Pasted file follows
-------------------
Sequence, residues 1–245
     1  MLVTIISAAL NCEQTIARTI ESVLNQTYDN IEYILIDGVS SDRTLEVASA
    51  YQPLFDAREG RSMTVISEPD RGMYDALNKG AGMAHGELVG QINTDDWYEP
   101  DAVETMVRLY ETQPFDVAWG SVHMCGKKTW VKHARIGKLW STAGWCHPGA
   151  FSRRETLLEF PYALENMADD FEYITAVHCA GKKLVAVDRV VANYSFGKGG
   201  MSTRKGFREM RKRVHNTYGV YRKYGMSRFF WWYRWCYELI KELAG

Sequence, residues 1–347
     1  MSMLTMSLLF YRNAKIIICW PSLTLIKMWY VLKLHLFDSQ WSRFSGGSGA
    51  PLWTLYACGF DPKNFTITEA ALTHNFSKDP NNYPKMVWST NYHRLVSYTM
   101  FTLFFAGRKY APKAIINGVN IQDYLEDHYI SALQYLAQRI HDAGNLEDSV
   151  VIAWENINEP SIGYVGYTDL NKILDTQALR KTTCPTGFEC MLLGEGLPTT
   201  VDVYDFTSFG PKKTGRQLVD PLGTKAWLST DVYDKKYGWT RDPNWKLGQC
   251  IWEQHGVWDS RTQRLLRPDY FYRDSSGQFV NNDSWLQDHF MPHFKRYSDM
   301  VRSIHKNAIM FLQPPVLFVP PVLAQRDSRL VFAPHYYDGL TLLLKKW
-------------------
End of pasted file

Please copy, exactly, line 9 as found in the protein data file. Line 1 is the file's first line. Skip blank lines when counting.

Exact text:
    51  PLWTLYACGF DPKNFTITEA ALTHNFSKDP NNYPKMVWST NYHRLVSYTM